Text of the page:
Candidate Corner

Expanding Scope of Practice for Nurse Practitioners

Posted by Anonymous at 10/30/2017 1:15:34 PM

The Demand for NPs is Growing

Expanding Scope of Practice for Nurse Practitioners

By Doug Bennett, Contributor

After passage of the Affordable Care Act the demand for access to preventative and primary care has never been greater. Nearly 18 million Americans have gained insurance coverage. In underserved rural and urban areas the need for healthcare is amplified due to massive shortages of primary care physicians. Surveys indicate that over 58 million Americans live in areas experiencing a shortage of primary care physicians. Despite this circumstance, advanced nurse practitioners (NPs) must continue to fight for the right to prescribe controlled substances and operate practices without a collaborative agreement with a physician.

Some states are addressing this historic chasm between need and availability by enabling nurse practitioners to provide preventative care and, thereby, help Americans stay healthier. Expanding scope of practice for nurse practitioners would allow them to order tests, diagnose patients, initiate involuntary psychiatric commitment for unstable patients, complete death certificates, and, in general, perform procedures, actions and processes based on their education and training.

Greater availability of nurse practitioners providing preventative care can reduce the number of people who forego primary care and the number of people seeking treatment for preventable conditions in emergency rooms throughout the country. And, studies repeatedly show that enhanced access to primary care reduces costs and increases the quality of patient outcomes. Quality of care improves because NP’s can spend more time with patients than primary care physicians, which enables them to offer more detailed guidance and instructions on how to address each patient’s particular health challenges.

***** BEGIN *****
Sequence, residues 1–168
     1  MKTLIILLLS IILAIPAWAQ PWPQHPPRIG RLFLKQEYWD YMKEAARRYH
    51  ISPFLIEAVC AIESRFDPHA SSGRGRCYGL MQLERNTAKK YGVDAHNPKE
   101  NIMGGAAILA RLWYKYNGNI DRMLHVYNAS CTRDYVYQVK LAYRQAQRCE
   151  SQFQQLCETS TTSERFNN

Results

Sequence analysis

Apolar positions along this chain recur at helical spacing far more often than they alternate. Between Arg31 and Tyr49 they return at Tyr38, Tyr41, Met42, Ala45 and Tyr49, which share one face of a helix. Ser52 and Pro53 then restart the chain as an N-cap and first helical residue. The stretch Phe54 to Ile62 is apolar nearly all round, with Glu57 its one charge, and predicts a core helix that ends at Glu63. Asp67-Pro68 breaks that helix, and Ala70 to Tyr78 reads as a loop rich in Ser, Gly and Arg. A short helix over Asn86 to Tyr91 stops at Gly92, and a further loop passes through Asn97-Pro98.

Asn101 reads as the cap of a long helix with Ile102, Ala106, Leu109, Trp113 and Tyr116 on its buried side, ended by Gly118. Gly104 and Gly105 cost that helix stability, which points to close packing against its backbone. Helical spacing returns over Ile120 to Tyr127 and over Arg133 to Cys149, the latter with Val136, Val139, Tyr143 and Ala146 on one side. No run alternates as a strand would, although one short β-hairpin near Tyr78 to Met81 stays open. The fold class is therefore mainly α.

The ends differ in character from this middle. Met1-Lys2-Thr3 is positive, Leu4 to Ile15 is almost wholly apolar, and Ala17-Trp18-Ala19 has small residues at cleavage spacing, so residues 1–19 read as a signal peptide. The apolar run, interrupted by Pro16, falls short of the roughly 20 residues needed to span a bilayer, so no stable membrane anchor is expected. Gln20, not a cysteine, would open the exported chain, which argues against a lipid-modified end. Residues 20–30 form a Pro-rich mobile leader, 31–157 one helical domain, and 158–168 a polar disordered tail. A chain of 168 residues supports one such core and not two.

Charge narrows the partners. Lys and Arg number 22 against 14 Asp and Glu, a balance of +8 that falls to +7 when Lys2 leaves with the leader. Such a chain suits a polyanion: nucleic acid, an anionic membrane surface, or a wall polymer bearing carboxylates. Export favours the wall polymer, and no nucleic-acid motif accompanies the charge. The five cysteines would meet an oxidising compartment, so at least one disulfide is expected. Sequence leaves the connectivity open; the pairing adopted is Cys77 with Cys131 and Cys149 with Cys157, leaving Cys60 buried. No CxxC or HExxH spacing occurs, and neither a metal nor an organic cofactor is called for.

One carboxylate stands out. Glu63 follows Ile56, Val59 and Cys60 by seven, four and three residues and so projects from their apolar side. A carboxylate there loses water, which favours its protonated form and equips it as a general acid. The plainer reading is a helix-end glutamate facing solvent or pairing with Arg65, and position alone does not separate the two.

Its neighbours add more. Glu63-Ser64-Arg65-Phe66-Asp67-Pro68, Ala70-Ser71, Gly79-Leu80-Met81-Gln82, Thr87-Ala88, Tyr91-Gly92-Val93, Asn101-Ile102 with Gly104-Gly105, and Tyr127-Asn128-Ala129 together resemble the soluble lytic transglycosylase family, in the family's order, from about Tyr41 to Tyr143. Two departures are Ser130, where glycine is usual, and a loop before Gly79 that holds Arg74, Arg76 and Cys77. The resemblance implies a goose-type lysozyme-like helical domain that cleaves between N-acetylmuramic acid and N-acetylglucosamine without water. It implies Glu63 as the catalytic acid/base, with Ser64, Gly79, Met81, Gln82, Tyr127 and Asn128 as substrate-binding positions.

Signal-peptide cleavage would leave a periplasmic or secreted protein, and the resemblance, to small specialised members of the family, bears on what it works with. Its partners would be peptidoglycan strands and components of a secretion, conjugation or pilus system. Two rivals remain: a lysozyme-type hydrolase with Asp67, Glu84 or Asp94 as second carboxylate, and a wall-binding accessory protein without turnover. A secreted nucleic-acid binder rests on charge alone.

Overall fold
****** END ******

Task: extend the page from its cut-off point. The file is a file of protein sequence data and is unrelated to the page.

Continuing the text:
Nurse practitioners are projected to experience 31% job growth between 2017 and 2024. This trend is likely to gain momentum as more and more states recognize the significant expertise NP’s bring to the table. Many states have already passed or introduced legislation to loosen longstanding restrictions and grant more autonomy to nurse practitioners. Some state legislatures are even introducing bills that will allow nurse practitioners to prescribe controlled substances without the oversight of a physician. When more nurse practitioners are able to function independently and can manage a host of preventative care needs, more Americans enjoy increased access to care.

The Veterans Administration made a historic move in January 2017 by granting full practice autonomy to certified nurse practitioners, certified clinical nurse specialists and certified nurse midwives. In addition to increasing access to care, this policy change saves money for NP’s—who no longer are required to pay significant monthly fees for physician oversight—as high as $3,000—as well as for states which can decrease monitoring and enforcement regulations. This unprecedented step by the VA has created momentum for nurse practitioners and their advocates around the country.

Many physician groups oppose the expansion of nurse practitioner scope of practice, citing concerns about impacts on overall quality of patient care and over-referral to specialists; however, studies show that the quality of patient care is comparable between physicians and nurse practitioners, and claims that NP’s increase patient use of specialists are unsubstantiated.

Nonetheless, restrictive practice laws continue to persist in some states,—especially in the Southeast and mid-Atlantic—and the slow pace of change continues to frustrate nurse practitioners and their advocates. Organized medicine groups have spent a great deal of time and resources raising questions, concerns and doubts with policymakers and the public about the abilities and qualifications of nurse practitioners.

Despite the opposition of physician groups, a number of states have granted greater leeway to nurse practitioners to practice primary care. For instance, at least 21 states have revised their laws to grant nurse practitioners full practice and prescriptive authority, including Vermont, Maryland, Minnesota, Nebraska, Nevada, Rhode Island, North Dakota and Connecticut in recent years. Other states, such as Texas, Utah, New York, Kentucky, Wisconsin and Arkansas have recently expanded the scope of practice for nurse practitioners.

Let Merritt Hawkins help you find the perfect physician or advanced practitioner job today. Discuss your career ambitions and lifestyle choices with our highly experienced recruiters who can help you find new opportunities that will make your physician and advanced practice career sizzle with new experiences.

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